February 19, 2008 in Nation/World

Democrats spar in Wisconsin

McClatchy
 

DE PERE, Wis. – Barack Obama and Hillary Clinton carried their rivalry Monday across this ice-crusted state, where voters are primed to give one of them a significant boost today.

They fought over who may have stolen whose speech lines, over debates and over economic policies.

But it remained unclear in this notoriously independent state which of them will wind up with the victory that each so badly wants.

Polls suggest that the race is close. Clinton made last-minute adjustments in her Monday schedule so she would spend all day campaigning here, instead of leaving early as originally planned. Obama’s wife was scheduled to campaign from Milwaukee to the Minnesota border, while her husband planned a late-evening rally Monday.

At St. Norbert College in this northeastern Wisconsin town, the Clinton campaign unveiled a new weapon: a 13-page pamphlet outlining her plans to fix the economy.

The pamphlet, given to rally-goers in the college gym, details Clinton’s plans for universal health care, a freeze on mortgage foreclosures and the creation of millions of “green-collar jobs,” popular positions in this Rust Belt state.

Obama spent much of his day in Ohio, a key state in the March 4 primaries. He defended himself against charges that, in a Saturday night speech in Milwaukee, his words were almost identical to those of Massachusetts Gov. Deval Patrick in 2006.

At a news conference, he said that while “I’m sure I should have” given Patrick credit, Obama added: “I’ve written two books, wrote most of my speeches. Deval and I do trade ideas all the time. He’s occasionally used lines of mine, and I, at a Jefferson-Jackson dinner in Wisconsin, I used words of his.”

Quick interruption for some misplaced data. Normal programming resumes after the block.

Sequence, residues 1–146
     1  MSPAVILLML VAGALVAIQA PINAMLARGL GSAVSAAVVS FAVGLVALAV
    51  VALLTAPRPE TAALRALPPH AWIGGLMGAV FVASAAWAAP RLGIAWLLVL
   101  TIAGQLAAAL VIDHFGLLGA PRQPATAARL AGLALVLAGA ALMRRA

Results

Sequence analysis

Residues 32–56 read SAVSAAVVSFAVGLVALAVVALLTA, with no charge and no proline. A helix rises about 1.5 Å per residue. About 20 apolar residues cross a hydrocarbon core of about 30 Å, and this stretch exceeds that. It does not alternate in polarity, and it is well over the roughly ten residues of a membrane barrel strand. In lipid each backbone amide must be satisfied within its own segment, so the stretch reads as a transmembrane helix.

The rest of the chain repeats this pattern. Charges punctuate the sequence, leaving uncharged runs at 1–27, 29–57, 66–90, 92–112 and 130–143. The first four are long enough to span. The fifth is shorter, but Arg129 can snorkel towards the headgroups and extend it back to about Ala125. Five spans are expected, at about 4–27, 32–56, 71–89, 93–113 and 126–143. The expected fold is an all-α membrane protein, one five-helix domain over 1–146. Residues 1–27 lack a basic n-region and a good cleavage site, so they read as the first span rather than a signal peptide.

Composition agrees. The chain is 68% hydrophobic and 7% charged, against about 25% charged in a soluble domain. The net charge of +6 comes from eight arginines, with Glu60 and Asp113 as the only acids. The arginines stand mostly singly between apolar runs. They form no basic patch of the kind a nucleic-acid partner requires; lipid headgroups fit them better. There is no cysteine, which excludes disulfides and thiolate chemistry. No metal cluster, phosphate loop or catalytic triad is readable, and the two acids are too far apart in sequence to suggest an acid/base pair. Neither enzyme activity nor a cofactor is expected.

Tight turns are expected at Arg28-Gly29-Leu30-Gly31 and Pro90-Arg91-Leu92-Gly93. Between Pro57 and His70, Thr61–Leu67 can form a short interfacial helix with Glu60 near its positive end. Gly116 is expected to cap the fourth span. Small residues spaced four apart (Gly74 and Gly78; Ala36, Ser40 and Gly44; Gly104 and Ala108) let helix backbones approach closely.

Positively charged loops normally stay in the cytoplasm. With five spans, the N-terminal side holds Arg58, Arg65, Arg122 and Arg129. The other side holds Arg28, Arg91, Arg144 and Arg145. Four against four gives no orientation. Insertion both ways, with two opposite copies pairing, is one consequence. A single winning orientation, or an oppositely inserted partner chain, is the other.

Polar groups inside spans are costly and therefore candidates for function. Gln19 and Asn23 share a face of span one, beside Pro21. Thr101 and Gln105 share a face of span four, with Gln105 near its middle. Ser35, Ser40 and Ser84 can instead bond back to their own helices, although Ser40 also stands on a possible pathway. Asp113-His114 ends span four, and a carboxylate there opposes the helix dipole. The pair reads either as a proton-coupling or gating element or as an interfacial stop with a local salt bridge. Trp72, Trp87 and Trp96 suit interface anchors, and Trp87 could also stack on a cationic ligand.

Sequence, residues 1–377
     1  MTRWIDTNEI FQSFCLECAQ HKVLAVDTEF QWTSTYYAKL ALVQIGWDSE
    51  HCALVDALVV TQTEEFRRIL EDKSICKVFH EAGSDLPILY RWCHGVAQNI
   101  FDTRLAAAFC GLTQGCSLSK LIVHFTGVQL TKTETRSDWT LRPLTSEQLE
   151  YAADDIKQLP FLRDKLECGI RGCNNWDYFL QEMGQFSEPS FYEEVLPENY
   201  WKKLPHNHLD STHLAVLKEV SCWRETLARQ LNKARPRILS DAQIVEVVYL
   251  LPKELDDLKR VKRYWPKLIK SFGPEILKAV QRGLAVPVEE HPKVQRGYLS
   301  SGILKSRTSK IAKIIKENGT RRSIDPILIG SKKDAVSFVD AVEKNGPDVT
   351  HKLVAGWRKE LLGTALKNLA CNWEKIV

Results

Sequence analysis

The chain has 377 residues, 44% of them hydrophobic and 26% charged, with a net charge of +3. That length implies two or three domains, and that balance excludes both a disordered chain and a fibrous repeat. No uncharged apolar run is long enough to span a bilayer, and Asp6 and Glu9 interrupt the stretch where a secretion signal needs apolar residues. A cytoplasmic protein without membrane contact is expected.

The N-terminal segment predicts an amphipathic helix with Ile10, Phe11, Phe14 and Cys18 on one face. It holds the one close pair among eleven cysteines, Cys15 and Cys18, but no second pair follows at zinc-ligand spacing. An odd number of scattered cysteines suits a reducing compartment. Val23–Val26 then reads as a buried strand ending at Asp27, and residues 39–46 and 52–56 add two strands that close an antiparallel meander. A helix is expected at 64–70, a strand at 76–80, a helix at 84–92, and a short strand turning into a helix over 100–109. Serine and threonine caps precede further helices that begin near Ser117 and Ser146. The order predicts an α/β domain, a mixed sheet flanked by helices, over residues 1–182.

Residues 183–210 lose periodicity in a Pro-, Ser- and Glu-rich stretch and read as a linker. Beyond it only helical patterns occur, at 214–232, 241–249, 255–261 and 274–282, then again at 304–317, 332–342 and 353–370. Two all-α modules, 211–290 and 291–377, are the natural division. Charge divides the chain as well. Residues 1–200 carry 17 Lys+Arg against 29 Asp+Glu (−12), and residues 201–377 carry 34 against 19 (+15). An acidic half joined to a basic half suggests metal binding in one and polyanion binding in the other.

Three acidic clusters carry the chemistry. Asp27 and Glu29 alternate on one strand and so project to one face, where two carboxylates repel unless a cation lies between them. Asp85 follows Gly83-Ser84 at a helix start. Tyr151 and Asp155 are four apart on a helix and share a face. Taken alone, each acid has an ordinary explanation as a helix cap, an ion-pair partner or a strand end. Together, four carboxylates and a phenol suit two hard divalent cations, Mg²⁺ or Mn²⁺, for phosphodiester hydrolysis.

Obama then tried to drag Clinton into this fray, saying he has noticed that she “on occasion had used words of mine as well. … When Senator Clinton says it’s time to ‘turn the page’ in one of her stump speeches or that she’s ‘fired up’ and ‘ready to go,’ I don’t think that anybody suggests that somehow she’s not focused on the issues.”

Wisconsin voters seemed largely oblivious to the fracas. At downtown Milwaukee’s Pabst Theater, as they waited to hear Obama’s wife, Michelle, a lot of people were still making up their minds.

George Warner, a retiree, and his wife, Carol, a social worker, are torn. “In the Clinton years, we were happy. Everybody seemed to have money,” said Carol Warner. “But Obama has a lot of good ideas, and he’s very frank.”

Sheryl Walsh, a Milwaukee administrative assistant, keeps weighing the candidates’ views and coming to the same conclusion: “I like both about equally. Nothing stands out.”

But some voters didn’t like one thing: sniping between the candidates. The one who seems to do it most will not get their votes.

“The negative stuff just doesn’t do it. I liked Hillary Clinton until she started what the media calls the smugness and self-righteousness,” said Mary Ann Beaumont, a Shorewood accountant.

Clinton’s pamphlet features a populist pitch that seems aimed squarely at the working-class voters she badly needs here, in Ohio and eventually in Pennsylvania, which votes April 22.

“Over the past five years, big corporations and special interests have been given a free pass to profit, often at the expense of the American worker,” it reads.

“As president, Hillary will make it a priority to scale back special benefits and subsidies to these corporations and put those resources to work for our economy again.”


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